Arkansas Poll: Shutdown Blamed on Democrats, Approval Slips for Boozman, Pryor

by Arkansas Business Staff  on Wednesday, Oct. 23, 2013 8:22 am  

Other results:

  • When asked about life in Arkansas, only 63 percent of respondents agreed that Arkansas is generally headed in the right direction, 10 points lower than last year. The only time confidence levels have polled this low was in 2003, when the rate was also 63 percent. 
  • A "historic record low" of 14 percent of people reported being better off financially as compared to a year ago, down from 23 percent last year.
  • Only 18 percent of respondents expected their financial situation to be better next year, the lowest level of confidence since this question was first asked in 1999.
  • An "unprecedented" 24 percent of respondents expect finances to be worse, up from 13 percent last year, and well above the most pessimistic past response of 20 percent in 2010.

Social Issues

The poll also found less than a quarter of Arkansans supporting marriage or civil unions for same-sex couples.

When it comes to the statement "There should be no legal recognition of a gay couple's relationship," only 46 percent of Arkansans agreed, the first time the response has dipped below 50 percent.

The poll also asked whether gays and lesbians should have equal rights in job opportunities. Eighty-one percent of likely voters agreed that they should.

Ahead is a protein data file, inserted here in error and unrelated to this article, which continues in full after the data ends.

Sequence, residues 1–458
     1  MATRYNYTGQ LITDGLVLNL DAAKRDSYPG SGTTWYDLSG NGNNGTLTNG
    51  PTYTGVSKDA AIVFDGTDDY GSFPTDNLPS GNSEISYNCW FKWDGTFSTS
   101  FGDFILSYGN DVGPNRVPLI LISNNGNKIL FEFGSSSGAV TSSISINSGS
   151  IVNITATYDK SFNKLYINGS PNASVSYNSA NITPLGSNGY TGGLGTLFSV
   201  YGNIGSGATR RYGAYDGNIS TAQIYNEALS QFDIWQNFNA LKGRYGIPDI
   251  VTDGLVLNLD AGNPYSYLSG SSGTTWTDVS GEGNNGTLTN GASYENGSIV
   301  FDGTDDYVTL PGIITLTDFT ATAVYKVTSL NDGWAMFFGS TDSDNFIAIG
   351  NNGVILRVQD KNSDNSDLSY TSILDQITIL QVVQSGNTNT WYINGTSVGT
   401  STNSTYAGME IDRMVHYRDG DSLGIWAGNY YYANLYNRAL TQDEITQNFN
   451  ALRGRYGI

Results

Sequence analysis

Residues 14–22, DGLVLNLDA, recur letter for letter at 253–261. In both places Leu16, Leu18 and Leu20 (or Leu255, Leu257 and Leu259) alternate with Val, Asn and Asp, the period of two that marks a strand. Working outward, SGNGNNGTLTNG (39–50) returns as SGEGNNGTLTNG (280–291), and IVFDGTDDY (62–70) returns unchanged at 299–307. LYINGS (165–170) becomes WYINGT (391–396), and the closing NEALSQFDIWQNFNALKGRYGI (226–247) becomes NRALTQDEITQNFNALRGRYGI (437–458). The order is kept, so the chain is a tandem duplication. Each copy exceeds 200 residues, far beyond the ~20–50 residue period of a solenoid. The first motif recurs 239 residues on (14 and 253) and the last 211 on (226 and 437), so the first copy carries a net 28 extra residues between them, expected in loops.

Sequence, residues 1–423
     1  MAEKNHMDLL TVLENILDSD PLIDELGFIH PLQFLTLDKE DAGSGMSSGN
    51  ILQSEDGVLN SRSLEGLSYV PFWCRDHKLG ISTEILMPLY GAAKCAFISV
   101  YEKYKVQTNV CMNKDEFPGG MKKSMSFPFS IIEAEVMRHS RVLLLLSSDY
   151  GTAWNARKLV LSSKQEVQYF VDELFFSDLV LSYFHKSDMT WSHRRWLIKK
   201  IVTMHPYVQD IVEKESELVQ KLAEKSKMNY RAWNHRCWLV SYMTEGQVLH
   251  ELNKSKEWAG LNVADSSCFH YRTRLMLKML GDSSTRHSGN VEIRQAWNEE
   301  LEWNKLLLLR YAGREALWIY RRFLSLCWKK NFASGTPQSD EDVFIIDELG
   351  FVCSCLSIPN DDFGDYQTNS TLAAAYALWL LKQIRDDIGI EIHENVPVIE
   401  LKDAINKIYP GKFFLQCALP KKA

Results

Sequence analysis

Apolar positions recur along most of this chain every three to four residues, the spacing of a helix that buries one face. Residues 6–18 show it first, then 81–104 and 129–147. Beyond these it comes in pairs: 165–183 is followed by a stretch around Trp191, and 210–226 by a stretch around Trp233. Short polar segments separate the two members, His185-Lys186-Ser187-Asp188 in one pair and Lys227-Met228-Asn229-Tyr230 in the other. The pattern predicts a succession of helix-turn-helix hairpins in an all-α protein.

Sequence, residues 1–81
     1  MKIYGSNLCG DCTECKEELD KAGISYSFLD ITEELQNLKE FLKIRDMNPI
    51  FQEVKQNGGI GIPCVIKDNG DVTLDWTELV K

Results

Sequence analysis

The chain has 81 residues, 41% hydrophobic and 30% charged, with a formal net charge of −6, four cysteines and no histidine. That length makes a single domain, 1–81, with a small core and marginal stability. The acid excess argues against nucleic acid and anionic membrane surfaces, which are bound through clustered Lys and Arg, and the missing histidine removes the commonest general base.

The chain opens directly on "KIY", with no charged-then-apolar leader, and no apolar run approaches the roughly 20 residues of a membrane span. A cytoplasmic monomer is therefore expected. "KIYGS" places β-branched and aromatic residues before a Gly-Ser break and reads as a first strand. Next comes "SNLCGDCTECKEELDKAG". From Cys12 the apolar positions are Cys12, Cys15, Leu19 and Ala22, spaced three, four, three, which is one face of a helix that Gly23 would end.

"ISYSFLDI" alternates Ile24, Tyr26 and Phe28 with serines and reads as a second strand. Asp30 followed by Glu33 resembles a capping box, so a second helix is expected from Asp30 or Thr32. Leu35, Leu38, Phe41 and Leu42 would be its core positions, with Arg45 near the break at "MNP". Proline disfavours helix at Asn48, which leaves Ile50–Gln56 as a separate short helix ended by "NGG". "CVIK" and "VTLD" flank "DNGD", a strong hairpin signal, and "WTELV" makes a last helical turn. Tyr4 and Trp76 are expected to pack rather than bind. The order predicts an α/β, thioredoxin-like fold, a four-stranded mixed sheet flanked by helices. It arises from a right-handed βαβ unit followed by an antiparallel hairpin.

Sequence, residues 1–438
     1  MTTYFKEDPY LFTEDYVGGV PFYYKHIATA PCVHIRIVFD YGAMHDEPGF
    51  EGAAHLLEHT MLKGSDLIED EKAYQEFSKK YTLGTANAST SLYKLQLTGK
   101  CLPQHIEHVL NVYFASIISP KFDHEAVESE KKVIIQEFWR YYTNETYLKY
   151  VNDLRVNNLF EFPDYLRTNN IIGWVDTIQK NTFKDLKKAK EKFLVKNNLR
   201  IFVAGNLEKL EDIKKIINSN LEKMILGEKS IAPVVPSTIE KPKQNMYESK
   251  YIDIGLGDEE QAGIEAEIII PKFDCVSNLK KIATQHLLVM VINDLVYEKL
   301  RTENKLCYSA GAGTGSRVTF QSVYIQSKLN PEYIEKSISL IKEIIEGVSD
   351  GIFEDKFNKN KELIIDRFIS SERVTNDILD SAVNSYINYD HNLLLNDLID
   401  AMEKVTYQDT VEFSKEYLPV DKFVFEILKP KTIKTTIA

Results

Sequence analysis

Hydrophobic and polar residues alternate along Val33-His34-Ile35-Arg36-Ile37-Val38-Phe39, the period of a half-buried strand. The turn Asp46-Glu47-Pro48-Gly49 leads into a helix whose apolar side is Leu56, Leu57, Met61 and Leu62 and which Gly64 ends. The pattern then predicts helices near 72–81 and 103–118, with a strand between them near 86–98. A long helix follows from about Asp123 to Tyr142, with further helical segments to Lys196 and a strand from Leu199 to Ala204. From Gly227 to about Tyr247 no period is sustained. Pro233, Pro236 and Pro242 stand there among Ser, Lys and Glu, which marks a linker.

For the first time, the poll asked about support for granting in-state tuition to graduates of Arkansas high schools who are in the country illegally.

Thirty-six percent of likely voters approved of that option; 54 percent disapproved.

Also: 59 percent of Arkansans support allowing undocumented immigrants to become U.S. citizens if they meet certain criteria, similar to the 56 percent that supported it last year.

The poll was conducted by Issues & Answers Network between Oct. 10 and 17 through800 live telephone interviews among a random sample of adult Arkansans. Twenty percent of all respondents were cell phone users. 

The survey’s margin of error statewide is plus or minus 3.5 percentage points, meaning that researchers are 95 percent confident that the actual result lies within 3.5 percentage points in either direction of the result the poll’s sample produced. 



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